Adobe Systems Incorporated (NASDAQ:ADBE) announced better-than-expected fiscal third-quarter 2017 results on Tuesday after the market closed, punctuated by healthy cash flow and another company revenue record on sustained momentum for its cloud-based subscription products.

But while Adobe also offered encouraging forward guidance -- and keeping in mind shares are up more than 50% so far in 2017 -- Adobe stock is down a modest 3% in after-hours trading as of this writing. Let's zoom in for a closer look at what the creative software company accomplished in its latest quarter and what investors can expect going forward.

Adobe office in Utah with a beautiful sunset in the background.


Adobe Systems results: The raw numbers


Fiscal Q3 2017*

Fiscal Q3 2016

Year-Over-Year Growth


$1.841 billion

$1.464 billion


GAAP net income

$419.6 million

$270.8 million


GAAP earnings per share (diluted)




Data source: Adobe Systems. *For the quarter ended Sept. 1, 2017.  

What happened with Adobe Systems this quarter?

  • On an adjusted (non-GAAP) basis, which excludes items like stock-based compensation, net income per share climbed 46.7% to $1.10.
  • By comparison, Adobe in June told investors to expect lower revenue of of $1.815 billion, GAAP earnings of $0.72 per share, and adjusted earnings of $1.00 per share.
  • Digital media segment revenue climbed 28% year over year to $1.27 billion, above guidance for 26% growth. Adobe Experience Cloud revenue also increased 26% to $508 million, above guidance for 25% growth.
  • Digital media annualized recurring revenue (ARR) increased $308 million sequentially from fiscal Q2, to $4.87 billion exiting the quarter.
  • Generated strong cash flow from operations of $704 million, while deferred revenue increased 23% to roughly $2.2 billion, driven by strength in digital media.
  • Adobe repurchased 2.1 million shares during the quarter for $298 million, leaving roughly $2.2 billion remaining under its existing repurchase authorization.

What management had to say

"Adobe delivered another record quarter with stellar year-over-year revenue growth of 26 percent," stated CEO Shantanu Narayen. "The imperative to deliver intelligent, intuitive and effective customer experiences is key to the C-suite agenda of digital transformation, and Adobe's Cloud offerings are critical to that business mandate."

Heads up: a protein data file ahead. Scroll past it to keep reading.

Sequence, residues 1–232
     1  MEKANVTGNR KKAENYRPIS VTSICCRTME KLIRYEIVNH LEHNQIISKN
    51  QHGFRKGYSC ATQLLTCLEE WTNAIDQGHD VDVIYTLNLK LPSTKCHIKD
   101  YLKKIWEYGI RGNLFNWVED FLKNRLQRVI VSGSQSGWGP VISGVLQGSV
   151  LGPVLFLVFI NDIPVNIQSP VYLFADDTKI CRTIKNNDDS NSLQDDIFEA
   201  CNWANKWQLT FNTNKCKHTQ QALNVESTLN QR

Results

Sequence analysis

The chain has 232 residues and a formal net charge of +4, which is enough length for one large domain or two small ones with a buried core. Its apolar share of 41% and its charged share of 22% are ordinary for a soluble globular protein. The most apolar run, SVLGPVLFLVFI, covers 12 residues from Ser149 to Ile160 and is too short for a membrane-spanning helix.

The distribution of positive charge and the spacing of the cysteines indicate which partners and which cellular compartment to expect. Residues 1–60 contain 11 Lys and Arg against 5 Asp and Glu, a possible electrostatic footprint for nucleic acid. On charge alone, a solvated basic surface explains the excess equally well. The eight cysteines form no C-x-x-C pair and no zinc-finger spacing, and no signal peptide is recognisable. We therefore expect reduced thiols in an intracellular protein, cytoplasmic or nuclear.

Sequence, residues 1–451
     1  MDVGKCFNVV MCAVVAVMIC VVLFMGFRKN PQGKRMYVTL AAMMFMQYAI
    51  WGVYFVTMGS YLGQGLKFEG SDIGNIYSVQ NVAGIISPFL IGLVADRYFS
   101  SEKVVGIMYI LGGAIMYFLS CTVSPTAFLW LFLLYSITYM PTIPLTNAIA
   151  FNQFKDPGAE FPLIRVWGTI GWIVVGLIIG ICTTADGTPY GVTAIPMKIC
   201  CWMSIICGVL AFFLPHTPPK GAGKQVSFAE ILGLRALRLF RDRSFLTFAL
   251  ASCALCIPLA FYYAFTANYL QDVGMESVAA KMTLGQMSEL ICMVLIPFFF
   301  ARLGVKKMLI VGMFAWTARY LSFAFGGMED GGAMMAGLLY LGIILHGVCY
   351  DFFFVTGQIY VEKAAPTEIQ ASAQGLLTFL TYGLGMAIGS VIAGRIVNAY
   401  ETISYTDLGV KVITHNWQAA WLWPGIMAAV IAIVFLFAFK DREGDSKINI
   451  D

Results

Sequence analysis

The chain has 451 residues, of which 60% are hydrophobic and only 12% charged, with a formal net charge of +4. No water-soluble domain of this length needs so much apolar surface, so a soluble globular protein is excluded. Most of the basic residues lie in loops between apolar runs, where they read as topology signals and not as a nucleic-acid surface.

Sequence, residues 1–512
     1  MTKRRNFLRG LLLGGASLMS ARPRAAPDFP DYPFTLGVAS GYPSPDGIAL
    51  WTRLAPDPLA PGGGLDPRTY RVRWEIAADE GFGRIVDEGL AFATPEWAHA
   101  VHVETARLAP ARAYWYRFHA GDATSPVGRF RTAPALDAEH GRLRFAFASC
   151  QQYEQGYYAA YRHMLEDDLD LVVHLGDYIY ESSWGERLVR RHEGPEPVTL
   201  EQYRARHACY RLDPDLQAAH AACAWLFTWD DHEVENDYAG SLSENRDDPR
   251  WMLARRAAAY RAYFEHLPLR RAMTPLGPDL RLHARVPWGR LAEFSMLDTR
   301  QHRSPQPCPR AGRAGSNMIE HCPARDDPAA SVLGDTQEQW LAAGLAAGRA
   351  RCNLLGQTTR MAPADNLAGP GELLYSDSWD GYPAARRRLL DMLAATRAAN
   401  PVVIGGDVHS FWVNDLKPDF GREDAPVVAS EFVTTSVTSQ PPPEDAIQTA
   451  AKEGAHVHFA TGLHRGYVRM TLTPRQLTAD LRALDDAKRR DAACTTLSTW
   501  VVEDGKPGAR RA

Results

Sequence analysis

CFO Mark Garrett added, "Our results in Q3 once again reflect the leverage of our financial model, with record revenue driven by our cloud-based subscription offerings, strong earnings and cash flow from operations."

Looking forward

For the fiscal fourth quarter of 2017, Adobe expects revenue of roughly $1.95 billion, assuming digital media segment revenue growth of 25% and Adobe Experience Cloud marketing revenue growth of 17%. For perspective on the latter deceleration, note that Experience Cloud revenue growth will face a difficult comparison given a material amount of perpetual license revenue Adobe recognized in the same year-ago period.

On the bottom line, that should translate to GAAP earnings per share of $0.86 and adjusted earnings per share of $1.15. By comparison -- and though we don't usually pay close attention to Wall Street's demands -- consensus estimates were less optimistic, calling for lower fiscal Q4 earnings of $1.10 per share on roughly the same revenue.

In the end, there was little not to like about this quarter from an investor's perspective. Adobe's cloud solutions effectively maintained their momentum, which means more predictable revenue from quarter to quarter as the company leaves its older perpetual licensing model in the rearview mirror. So while the initial share price decline might indicate otherwise, I think Adobe shareholders should be pleased with their company's continued outperformance.